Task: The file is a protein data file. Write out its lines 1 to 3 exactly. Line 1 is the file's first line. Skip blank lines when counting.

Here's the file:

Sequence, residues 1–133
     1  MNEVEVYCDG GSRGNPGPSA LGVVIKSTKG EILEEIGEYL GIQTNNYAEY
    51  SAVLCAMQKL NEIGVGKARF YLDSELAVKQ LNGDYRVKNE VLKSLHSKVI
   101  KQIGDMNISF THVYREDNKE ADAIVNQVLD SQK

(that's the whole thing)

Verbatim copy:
Sequence, residues 1–133
     1  MNEVEVYCDG GSRGNPGPSA LGVVIKSTKG EILEEIGEYL GIQTNNYAEY
    51  SAVLCAMQKL NEIGVGKARF YLDSELAVKQ LNGDYRVKNE VLKSLHSKVI